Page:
In my last post, I covered my “Blogging Keyword Strategy.” If you missed it, here’s a quick overview, but understand that to get the most from my backlinking strategy, you really need to read the full article and have already implemented the described keyword strategy.
Why Is Linking Important?
When deciding how to rank your website, which is one of the major factors that search engines use in order to determine rankings, Google and other search engines look at how many links lead back to your site.
This means that sites that get more links from authoritative domains will rank higher than those which get fewer.
In addition, the quality of the links also affects ranking, so it’s important for you to use high-quality link-building techniques to increase your site’s rankings.
Also, remember to use your keywords in the anchor text of external links you share. By doing this, search engines can tell which topics are important to your site and will help rank them.
Here’s an example: Imagine that you own a website about eating healthy foods. You might want to link to other sites for recipes. If you have a lot of links to other sites which all have your keywords as the anchor text, that’s great for search engines because they know that it’s a topic you care about.
If your site deals with topics beyond just recipes, consider using link bait so you can get more links from high-quality sites.
The next step: Backlinking for Bloggers
One of the first things bloggers learn when starting out is to get backlinks by commenting on other people’s blogs.
Particularly with the help of plugins like Commenluv, this is an extremely effective approach with the bonus of being a great way to meet fellow bloggers. Since I know you all know this already, I won’t go into detail about it, and instead will focus on more advanced tactics.
Backlinking Tactic #1: Create your own link love using Twitter
Since every Blogger on the planet uses Twitter (and if you’re not, oi- START NOW) we’ll start here. Twitter is an easy, almost overly useful SEO opportunity.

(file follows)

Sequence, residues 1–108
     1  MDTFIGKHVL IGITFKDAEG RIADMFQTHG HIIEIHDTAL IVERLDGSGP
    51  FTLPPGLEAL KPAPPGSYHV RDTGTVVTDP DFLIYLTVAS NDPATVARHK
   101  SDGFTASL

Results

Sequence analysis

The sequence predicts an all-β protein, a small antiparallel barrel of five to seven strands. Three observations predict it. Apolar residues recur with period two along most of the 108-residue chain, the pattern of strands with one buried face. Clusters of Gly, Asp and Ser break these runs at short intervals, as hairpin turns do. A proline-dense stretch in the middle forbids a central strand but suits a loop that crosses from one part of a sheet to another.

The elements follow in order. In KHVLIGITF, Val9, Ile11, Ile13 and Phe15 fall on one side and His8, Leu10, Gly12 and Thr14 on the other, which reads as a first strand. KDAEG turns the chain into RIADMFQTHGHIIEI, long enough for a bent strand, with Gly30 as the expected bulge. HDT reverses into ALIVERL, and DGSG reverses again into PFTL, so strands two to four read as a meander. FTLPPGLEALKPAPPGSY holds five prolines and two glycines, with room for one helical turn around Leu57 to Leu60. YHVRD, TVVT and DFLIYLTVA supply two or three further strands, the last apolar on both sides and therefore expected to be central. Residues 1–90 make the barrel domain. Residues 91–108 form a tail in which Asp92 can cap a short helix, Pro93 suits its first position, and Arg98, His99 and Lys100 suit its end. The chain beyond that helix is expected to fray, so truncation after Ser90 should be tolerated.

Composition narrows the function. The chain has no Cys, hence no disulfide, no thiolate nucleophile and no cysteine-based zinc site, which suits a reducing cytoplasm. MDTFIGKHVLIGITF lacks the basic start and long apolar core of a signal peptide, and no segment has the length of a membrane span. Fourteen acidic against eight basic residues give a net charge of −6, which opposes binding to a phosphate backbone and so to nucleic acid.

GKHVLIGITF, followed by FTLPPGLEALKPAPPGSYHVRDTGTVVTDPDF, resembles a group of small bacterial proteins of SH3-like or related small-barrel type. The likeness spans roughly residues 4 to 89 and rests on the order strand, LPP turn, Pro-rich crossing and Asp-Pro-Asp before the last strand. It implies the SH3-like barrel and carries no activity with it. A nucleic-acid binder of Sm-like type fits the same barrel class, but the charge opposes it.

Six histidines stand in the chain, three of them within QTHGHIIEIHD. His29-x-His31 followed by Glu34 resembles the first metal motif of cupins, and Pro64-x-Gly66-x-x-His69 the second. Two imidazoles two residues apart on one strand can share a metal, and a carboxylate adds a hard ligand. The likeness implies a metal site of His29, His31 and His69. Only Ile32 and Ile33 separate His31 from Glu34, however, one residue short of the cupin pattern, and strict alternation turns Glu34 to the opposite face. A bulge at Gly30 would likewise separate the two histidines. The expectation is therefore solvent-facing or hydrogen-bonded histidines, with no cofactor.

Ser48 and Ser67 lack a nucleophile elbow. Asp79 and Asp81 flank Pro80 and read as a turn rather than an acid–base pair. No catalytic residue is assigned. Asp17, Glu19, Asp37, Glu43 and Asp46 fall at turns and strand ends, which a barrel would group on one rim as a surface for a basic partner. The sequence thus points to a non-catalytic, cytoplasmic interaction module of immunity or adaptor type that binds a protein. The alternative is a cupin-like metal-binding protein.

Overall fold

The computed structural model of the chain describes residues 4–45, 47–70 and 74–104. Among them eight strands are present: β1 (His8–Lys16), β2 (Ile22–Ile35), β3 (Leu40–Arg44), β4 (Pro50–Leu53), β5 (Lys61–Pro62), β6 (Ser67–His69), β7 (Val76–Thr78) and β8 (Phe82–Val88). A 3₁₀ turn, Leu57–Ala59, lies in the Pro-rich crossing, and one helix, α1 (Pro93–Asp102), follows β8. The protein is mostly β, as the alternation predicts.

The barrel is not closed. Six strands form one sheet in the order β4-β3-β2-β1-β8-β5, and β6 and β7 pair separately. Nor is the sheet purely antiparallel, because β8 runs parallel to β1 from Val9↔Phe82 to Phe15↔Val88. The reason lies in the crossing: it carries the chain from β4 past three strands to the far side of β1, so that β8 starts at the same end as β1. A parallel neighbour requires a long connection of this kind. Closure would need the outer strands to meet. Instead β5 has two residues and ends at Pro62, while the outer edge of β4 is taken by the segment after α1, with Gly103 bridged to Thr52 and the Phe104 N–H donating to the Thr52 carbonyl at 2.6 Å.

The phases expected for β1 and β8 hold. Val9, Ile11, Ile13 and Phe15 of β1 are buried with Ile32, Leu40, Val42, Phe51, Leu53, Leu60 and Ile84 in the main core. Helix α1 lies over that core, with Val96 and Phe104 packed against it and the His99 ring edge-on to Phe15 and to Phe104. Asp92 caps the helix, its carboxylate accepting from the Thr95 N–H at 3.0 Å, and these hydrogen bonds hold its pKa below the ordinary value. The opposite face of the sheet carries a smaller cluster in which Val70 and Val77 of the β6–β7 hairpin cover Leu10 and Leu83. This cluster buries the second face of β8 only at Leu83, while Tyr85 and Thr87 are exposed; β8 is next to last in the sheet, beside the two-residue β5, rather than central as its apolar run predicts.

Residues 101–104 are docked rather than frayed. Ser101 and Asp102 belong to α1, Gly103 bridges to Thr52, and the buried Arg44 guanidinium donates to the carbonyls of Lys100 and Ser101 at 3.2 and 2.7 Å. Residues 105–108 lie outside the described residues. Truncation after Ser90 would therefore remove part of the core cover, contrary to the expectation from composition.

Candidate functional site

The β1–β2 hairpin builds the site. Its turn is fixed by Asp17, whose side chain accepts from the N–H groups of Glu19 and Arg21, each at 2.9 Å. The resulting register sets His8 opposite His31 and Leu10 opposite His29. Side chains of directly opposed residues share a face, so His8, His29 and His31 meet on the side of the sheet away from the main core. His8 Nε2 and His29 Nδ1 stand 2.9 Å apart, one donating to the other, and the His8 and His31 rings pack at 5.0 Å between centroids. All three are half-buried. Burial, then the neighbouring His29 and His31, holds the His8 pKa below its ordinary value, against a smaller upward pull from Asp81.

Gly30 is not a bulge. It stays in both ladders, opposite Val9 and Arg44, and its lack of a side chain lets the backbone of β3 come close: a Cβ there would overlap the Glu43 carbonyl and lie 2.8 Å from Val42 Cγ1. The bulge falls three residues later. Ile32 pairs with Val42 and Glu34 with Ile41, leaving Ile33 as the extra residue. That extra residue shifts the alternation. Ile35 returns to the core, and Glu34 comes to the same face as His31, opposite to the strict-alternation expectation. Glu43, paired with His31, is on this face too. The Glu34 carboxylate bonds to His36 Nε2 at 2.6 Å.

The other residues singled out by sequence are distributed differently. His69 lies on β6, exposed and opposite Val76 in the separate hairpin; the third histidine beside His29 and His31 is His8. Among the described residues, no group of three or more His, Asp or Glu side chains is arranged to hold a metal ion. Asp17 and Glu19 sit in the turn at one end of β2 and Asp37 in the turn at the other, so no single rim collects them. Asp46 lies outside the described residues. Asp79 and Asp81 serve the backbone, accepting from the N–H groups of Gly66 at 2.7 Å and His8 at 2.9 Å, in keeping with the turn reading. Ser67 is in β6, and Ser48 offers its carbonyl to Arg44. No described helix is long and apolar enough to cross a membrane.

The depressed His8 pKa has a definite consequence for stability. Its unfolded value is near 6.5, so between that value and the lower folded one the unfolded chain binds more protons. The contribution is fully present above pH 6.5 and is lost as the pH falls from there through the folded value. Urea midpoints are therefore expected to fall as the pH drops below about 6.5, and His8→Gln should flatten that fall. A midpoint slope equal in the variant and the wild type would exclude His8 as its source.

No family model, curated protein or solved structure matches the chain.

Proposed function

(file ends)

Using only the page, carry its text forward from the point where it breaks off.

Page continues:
First, start by adding the Twitter Tools plugin by Alex King. Don’t use the tiny URL co-plugin that now comes with this. We don’t want to TinyURL the tweets and hide the keywords we’ve so carefully used to name our blog posts.
Alex has done a great job simplifying this setup, so just make sure yours is set to automatically tweet blog posts when they are published.
Once you’ve tested and are sure blog posts are showing on your specified Twitter account…
- Set up a Facebook account where you’d like your posts to show. I opt to keep my blog posts on a specified fan or business page rather than on my personal FB page but this really depends on your own needs. Using a Twitter app (I use Smart Twitter) link your FB and Twitter accounts. Remember to test and make sure your tweeted blog posts are showing when you hit that magic publish button.
- Set up a Yahoo profile page (also, personal or one specifically for your site if appropriate.) Link your Twitter account here so your Twitter feed shows in the profile.
- Do this for as many sites as you would like. The more the better. Facebook is the most popular for this. Last I heard, FriendFeed was still “no follow” but we don’t care about that since the URLs will be showing “non-tiny” and [BLOGGING TIP:] Google reads URLs. (Google is so clever.)
I’ll list more of these sites at the bottom of this post, but feel free to share more in your comments.
For sites that don’t offer an automated Twitter connect, grab your Twitter RSS and feed that to pages. Many will offer an easy option to add your RSS URL.
For those that don’t, if they happen to allow HTML, add your feed using a snippet that displays your RSS.
For example, I use autoblogger (aff link) to publish one of a feed from my forums to a separate blog I also own.